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Thanks very much for this wonderful thread, fascinating.

Some questions:

I was looking at the formulae you quoted:

Quote:
Cd = (2*Drag force)/(air density * velocity * velocity * frontal area)
What is it that actually causes drag force? Is it similar to an aircraft wing, simply put high pressure at the front / low pressure at the back?

These days, a lot of the noise we hear in the cabin is likely to be related to air movement across the carís surface, protrusion (e.g. mirror) etc. Is air noise simulated during car design, does some of the simulation you are doing here helpful for that purpose or would it require a completely different approach?

Thanks
Jeroen
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Old 11th July 2020, 10:50   #13
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Thank you very much for the technical explanation. Really good read. There was a time when cars drag coefficient was more than 0.3. Now a days most have it within that. With fuel efficiency becoming more and more regulated, I guess there is more effort into these aspects.

I guess for better cornering you need more drag ?
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Old 11th July 2020, 12:48   #14
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Originally Posted by Jeroen View Post
What is it that actually causes drag force? Is it similar to an aircraft wing, simply put high pressure at the front / low pressure at the back?

These days, a lot of the noise we hear in the cabin is likely to be related to air....
Thanks for the kind words Jeroen, I'm glad you found it useful!

You are spot on in terms of what causes drag. For the car, it is primarily due to high pressure at the front and low pressure at the back. The high pressure at the front is caused as the car essentially rams into the air, while the lower pressure at the rear is caused as the air leaves the car in a separated state. It is hence important to contour the hood to minimise this "ram" effect and minimise separation (drag generating regions) at the rear. Apart from this, there is also friction drag generated as the air rubs over the surface of the car. It depends on surface finish, contamination and overall surface area that the air rubs across. But it is the pressure drag that is the primary contributor - similar to rowing a wide oar through water.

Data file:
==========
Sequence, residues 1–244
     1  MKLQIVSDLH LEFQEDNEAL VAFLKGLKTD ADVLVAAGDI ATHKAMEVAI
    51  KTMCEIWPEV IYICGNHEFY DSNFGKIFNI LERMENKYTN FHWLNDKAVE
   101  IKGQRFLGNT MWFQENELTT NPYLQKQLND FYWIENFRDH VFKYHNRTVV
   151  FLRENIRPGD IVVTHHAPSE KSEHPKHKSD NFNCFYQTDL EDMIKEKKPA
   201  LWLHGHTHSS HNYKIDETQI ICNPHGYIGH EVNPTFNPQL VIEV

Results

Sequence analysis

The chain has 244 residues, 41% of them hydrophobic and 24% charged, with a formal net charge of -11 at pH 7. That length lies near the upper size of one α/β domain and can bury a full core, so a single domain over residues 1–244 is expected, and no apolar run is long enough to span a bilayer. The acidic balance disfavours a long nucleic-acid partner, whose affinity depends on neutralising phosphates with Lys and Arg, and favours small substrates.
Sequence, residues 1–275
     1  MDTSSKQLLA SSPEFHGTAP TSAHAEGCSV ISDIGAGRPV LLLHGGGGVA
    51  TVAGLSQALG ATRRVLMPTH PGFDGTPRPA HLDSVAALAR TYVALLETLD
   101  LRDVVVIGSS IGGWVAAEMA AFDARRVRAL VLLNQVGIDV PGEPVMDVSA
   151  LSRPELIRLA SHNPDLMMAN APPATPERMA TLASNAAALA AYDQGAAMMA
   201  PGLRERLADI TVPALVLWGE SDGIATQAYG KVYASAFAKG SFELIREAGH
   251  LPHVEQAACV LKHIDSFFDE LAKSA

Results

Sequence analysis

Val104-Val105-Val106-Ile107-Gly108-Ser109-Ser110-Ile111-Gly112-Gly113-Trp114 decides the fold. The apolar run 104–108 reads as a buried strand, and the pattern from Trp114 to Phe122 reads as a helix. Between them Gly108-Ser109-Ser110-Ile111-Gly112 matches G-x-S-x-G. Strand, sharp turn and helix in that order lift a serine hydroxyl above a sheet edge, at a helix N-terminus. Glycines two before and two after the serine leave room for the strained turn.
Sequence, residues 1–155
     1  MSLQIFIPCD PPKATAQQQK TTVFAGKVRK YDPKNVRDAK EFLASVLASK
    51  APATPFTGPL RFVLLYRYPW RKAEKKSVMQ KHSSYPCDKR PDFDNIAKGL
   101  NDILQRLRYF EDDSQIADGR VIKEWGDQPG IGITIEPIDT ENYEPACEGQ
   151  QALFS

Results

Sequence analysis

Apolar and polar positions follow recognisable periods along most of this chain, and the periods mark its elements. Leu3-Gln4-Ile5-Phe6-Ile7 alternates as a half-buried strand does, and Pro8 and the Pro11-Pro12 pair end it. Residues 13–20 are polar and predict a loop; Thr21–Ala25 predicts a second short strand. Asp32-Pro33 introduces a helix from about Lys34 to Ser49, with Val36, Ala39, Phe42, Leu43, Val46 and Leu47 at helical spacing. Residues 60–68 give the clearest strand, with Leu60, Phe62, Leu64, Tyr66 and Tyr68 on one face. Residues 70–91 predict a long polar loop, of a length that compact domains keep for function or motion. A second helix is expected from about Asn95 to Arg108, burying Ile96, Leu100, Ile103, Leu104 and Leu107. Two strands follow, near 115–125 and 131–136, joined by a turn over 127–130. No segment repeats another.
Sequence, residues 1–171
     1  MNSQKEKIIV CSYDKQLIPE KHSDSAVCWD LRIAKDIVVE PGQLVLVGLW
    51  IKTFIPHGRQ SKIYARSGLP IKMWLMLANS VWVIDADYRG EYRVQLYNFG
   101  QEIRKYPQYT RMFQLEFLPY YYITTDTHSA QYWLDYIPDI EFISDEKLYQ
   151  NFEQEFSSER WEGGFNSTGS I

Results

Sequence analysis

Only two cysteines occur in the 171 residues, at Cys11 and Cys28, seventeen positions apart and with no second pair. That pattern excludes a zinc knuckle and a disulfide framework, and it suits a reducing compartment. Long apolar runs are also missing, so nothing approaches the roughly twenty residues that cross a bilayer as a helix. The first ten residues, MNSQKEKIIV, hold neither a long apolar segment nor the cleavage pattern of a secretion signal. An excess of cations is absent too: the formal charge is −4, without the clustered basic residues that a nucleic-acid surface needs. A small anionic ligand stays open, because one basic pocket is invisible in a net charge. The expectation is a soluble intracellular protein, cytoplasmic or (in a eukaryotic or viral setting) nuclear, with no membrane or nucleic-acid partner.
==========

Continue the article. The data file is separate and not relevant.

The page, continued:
The noise we hear is indeed related to air disturbances - more so at high speeds. The simulations I did cannot be directly used to quantify noise, but they can provide an input for a separate noise prediction simulation. AFAIK, the noise models that we have today are not very accurate and predicting it is slightly challenging. A lot of computational effort can be needed to accurately predict noise. There is significant work going on in development of these models.


Quote:
Originally Posted by srishiva View Post
I guess for better cornering you need more drag ?
Drag essentially slows you down. Think of it as the resistance you face as you swim through water; but with a car, it is air that resists the car's motion. You want to minimise drag so that the car can move through the air without much resistance.

For cornering, you need traction, and it is the lift coefficient that affects it. To improve traction, you want the air to push the car towards the ground so that the tyres can grip the road better. This essentially means a high downward (negative) lift.

Last edited by MegaWhat : 11th July 2020 at 12:57.
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Old 11th July 2020, 13:39   #15
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Quote:
Originally Posted by Jeroen View Post

These days, a lot of the noise we hear in the cabin is likely to be related to air movement across the carís surface, protrusion (e.g. mirror) etc. Is air noise simulated during car design, does some of the simulation you are doing here helpful for that purpose or would it require a completely different approach?
Okay so there is a LOT of research going on for noise simulation. There are software available in the market for simulating NVH (Noise Vibration and Harshness) which takes into account all the sources of noise - engine, road, structure and air. I need to read up a bit more to find out how exactly these work. But at the same time, a lot of work is still ongoing to take these simulation models further.

You might find some of these papers worth a read. One is by VW.

http://www.j-mst.org/On_line/admin/f...2980-2989_.pdf
https://www.researchgate.net/publica...nergy_Analysis